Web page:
Tag Archives: IRA giving

5 Reasons To Promote The IRA Rollover NOW

Image courtesy of 'smil, Creative Commons license
Image courtesy of 'smil, Creative Commons license

The charitable IRA rollover from the Taxpayer Relief Act is one of the rare gifts in Planned Giving that gives your charity immediate cash. For most planned gifts you have to wait until the death of the donor. Not so with the IRA rollover.*

Here’s why I suggest you promote it immediately:
1. Perfect for end-of-year giving. This is an easy way for your donors to make their annual gift and earn considerable tax advantages. More here.

2. Expires on December 31. It might be extended, as it has been twice before, but do you want to roll the dice on any prediction of what Congress will do? Use the 12/31 deadline to create a sense of urgency through your marketing channels.

3. Limited audience. This is only for those age 70 1/2 or over. I blogged more IRA detail back in January.

4. Easy to promote. Share your tax ID number, address and legal name. Have donors contact their IRA administrator for instructions to make a “qualified charitable distribution” to you.

You can do a few sentences on your blog; in an email blast; on Twitter and Facebook (recurring once a week); drop a slip in a mailing you’ve already planned; and drop a mention into meetings and events.

5. Easy for donors to pull the trigger. The companies that hold IRAs have got this down to a simple process. In most cases, donors fill out a short form using the info you’ve provided. The check comes directly to your office (which is one of the requirements; the links above have more detail).

My clients are having great success with IRA gifts this year! You can too if you get the word out.

Do it now because IRA giving may not last much longer.

*It’s actually a distribution (to charity), not a rollover. I’m using what’s popular because that’s how people search.

There Is No Shortcut To Getting Planned Gifts

Photo courtesy of Jeremy Lim, Creative Commons license
Photo courtesy of Jeremy Lim, Creative Commons license


Planned Giving is soliciting gifts from estate and retirement plans, and there’s no way to close them quickly. I’ve seen suggestions to the contrary lately and I sternly disagree.

There are plenty of quick (and cheap!) ways to promote Planned Giving. Here are a dozen:

  • Put a sidebar in your next newsletter to promote giving by will
  • Drop a buck slip in your next mailing about giving by will—or IRAs for those over 70 1/2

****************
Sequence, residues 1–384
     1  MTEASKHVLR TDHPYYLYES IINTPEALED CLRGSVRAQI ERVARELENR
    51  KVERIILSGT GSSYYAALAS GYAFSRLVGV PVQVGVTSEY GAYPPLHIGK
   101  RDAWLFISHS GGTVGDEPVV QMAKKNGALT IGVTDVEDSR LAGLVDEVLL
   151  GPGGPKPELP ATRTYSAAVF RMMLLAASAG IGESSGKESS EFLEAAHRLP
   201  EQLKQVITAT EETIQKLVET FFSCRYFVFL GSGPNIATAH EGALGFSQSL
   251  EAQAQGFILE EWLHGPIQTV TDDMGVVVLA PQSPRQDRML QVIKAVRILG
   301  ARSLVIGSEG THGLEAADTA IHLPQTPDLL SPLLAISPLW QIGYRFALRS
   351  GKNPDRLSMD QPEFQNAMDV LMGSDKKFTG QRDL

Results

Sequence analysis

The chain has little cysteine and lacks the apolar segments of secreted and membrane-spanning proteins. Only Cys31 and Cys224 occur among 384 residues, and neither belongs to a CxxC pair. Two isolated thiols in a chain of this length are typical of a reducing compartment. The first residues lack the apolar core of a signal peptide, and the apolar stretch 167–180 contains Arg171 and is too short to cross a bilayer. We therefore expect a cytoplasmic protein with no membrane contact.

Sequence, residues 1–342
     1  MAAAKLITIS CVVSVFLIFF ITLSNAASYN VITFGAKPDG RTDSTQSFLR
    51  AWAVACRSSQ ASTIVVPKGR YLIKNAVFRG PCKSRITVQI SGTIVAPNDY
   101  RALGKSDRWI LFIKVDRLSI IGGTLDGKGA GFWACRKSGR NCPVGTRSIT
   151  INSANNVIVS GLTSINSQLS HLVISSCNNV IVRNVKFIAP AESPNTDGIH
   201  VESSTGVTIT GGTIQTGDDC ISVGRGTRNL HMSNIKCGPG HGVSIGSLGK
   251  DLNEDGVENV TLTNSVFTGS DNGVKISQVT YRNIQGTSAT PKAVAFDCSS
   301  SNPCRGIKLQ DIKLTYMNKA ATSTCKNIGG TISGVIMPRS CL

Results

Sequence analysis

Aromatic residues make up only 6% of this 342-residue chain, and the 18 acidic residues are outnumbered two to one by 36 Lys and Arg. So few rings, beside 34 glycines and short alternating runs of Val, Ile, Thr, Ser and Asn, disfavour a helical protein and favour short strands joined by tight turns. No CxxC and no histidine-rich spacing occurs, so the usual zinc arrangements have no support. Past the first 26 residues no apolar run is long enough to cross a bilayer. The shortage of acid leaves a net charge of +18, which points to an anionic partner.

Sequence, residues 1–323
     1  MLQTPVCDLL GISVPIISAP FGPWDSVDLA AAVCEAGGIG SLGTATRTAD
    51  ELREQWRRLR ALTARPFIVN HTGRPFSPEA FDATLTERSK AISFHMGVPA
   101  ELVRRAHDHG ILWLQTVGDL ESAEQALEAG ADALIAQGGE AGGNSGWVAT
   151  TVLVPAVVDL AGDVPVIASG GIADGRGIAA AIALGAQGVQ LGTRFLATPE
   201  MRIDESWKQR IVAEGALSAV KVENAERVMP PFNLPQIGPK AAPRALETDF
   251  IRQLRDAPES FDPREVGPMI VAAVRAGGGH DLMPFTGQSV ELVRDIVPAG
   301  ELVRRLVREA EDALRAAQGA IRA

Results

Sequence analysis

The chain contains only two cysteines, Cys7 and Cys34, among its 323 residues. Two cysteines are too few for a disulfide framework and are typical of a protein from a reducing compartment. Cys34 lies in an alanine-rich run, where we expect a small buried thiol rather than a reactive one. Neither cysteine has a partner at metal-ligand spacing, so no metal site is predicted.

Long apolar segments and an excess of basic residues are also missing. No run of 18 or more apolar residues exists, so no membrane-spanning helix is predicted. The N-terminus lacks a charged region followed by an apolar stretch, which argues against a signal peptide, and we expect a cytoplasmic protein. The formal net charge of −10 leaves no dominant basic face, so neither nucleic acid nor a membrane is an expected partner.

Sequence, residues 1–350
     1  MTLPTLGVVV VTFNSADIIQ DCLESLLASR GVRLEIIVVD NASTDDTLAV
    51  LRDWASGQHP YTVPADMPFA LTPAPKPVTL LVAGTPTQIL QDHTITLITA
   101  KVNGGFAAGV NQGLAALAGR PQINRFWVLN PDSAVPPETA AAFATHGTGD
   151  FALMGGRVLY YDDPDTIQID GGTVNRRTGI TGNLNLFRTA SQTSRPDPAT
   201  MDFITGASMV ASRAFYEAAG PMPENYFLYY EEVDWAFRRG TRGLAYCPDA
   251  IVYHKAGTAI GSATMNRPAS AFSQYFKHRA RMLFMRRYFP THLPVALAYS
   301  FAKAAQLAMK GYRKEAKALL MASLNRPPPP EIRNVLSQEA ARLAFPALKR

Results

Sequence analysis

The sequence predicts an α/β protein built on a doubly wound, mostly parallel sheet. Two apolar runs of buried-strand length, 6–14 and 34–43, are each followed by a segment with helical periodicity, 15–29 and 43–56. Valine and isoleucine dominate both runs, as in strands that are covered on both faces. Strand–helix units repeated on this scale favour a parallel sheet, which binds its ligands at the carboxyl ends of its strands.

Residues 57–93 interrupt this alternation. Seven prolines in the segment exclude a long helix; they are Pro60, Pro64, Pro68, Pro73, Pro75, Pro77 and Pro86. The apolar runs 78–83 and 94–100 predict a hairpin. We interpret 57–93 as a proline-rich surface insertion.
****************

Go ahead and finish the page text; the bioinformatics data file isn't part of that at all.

• As you promote IRA giving, use the December 31 deadline to create urgency
  • Send an email blast to your board about the IRA deadline
  • Drop in a buck slip that tells the short story of someone who gave by will or IRA
  • Planning your annual report? Put in a sidebar to encourage planned gifts
  • Keep these sidebars short! No more than 125 words
  • At your next event, put in two (literally) sentences about giving by IRA by 12/31
  • The second sentence is, “Give us a call if you’d like to know more.” As the calls come in, refer to my IRA article linked above.
  • Planning your year-end mailings? Squeeze this check-off onto the reply card: “I’d like to know more about including you in my will.”
  • Make space for this check-off too: “I’ve included you in my will or other estate plan.” Remember to thank your new donor!
  • For the flap on all your reply envelopes, a new check box: “Send me info about including you in my will.”

My fast promotion ideas will not get you gifts fast.

Nothing will.

Planned gifts are part of your prospects’ large plans for the future. You don’t get into those plans from an email blast. You might get into them from six email blasts, spaced appropriately.

Want more ideas for Planned Giving promotion?

Get Going On Planned Giving from GuideStar
6 article, year-long Planned Giving series from GuideStar (just as relevant now as it was in 2010)
7 Tips For Small Shop Planned Giving from Claire Meyerhoff
8 Tips To Get Your Planned Giving Going from Karen Signoracci Suero

Planned gifts take a lot of time to close because lots of personal factors are in play. What would it take for you to put a charity in your will—alongside your spouse, children and grandchildren?

Don’t confuse—or let others confuse you about—quick promotion and quick gifts. The former is eminently doable in Planned Giving.

Quick gifts? Ignore the hype. They’re impossible in Planned Giving.